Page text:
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Feulgen Technique

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					Feulgen Technique for DNA
Dr. Muhammad Rafique

Feulgen Technique
Stain is a staining technique discovered by Robert Feulgen in 1924 and used in histology to identify chromosomal material or DNA in cell specimens. It depends on acid hydrolysis of DNA, therefore fixating agents using strong acids should be avoided. The Feulgen reaction takes advantage of the ability of hydrochloric acid to convert DNA in fixed cell preparations to an aldehyde. This aldehyde is then identified using a Schiff reagent, which is specific for aldehydes. The combination of acid hydrolysis and subsequent aldehyde staining with a Schiff reagent constitutes the Feulgen procedure

Feulgen Technique
Schiff regent is commonly used in histology for both the Feulgen procedure and for the Periodic Acid Schiff (PAS) procedure. The difference in these two procedures is the acid used for hydrolysis, and this difference results in forming aldehydes from different cellular constituents (PAS stains glycogen). Schiff regent is commonly used in histology for both the Feulgen procedure and for the Periodic Acid Schiff (PAS) procedure. The difference in these two procedures is the acid used for hydrolysis, and this difference results in forming aldehydes from different cellular constituents (PAS stains glycogen).

Periodic acid-Schiff stain
Periodic acid-Schiff (PAS) is a staining method used in histology and pathology. This method is primarily used to identify glycogen in tissues. The reaction of periodic acid selectively oxidizes the glucose residues, creates aldehydes that react with the Schiff reagent and creates a purple-magenta color. A suitable basic stain is often used as a counterstain.

Periodic acid-Schiff stain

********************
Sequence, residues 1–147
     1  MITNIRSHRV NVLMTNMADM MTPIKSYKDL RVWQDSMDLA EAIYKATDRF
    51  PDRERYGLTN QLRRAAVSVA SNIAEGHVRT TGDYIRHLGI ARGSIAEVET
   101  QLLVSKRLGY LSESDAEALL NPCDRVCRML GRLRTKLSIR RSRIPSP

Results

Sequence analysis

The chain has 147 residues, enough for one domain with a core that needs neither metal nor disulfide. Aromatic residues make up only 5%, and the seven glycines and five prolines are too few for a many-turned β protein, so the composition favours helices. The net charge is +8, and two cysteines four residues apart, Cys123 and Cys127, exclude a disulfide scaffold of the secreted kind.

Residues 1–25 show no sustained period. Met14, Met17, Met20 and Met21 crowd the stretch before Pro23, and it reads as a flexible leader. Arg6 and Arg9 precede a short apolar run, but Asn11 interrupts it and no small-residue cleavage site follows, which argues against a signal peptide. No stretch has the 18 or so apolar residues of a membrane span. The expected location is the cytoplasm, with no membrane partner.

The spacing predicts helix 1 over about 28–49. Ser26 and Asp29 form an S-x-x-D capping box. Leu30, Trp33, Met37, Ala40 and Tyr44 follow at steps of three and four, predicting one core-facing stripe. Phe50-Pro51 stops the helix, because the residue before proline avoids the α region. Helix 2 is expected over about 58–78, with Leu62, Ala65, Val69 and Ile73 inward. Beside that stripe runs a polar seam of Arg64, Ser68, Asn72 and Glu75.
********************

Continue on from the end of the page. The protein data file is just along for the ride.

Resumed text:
PAS staining is mainly used for staining structures containing a high proportion of carbohydrate macromolecules (glycogen, glycoprotein, proteoglycans), typically found in e.g. connective tissues, mucus, and basal laminae.

Feulgen Technique
Fixative:
Carnoy’S Fluid

Procedure:
Deparaffinize and hydrate to water I. 1 N- hydrochloric acid at 60° C, 6 minutes for Carnoy’s Fluid, 8 minutes for formalin or Helly’s II. Distilled water for 30 seconds III. Schiff reagent, in dark for 2 hours IV. Bleaching Solution, 3 times, 2 times each. Wipe the slide carefully each time V. Distilled water, 1 minute VI. Fast Green (FCF) 5 to 10 seconds VII. 95 % ethanol & rinse VIII.Dehydrate, clear and cover (Permount)

Result
DNA  Red Cytoplasm  Green

Solutions
I. Schiff Reagent II. 1N – Hydrochloric Acid Concentrated Hydrochloric Acid (37 to 38% assay) ------- 8 cc Distilled Water ---------------------------------------------------- 100 cc III. Bleaching Solution 1 N Hydrochloric Acid ------------------------------------------ 5 cc 10 % Aqueous Solution Sodium Metabisulfite (Na2S2O5) -- 5 cc Distilled Water ---------------------------------------------------- 100 cc IV. Fast Green FCF ---------------------------------------------------- 0.05 gm V. 95% Ethanol -------------------------------------------------------- 100 cc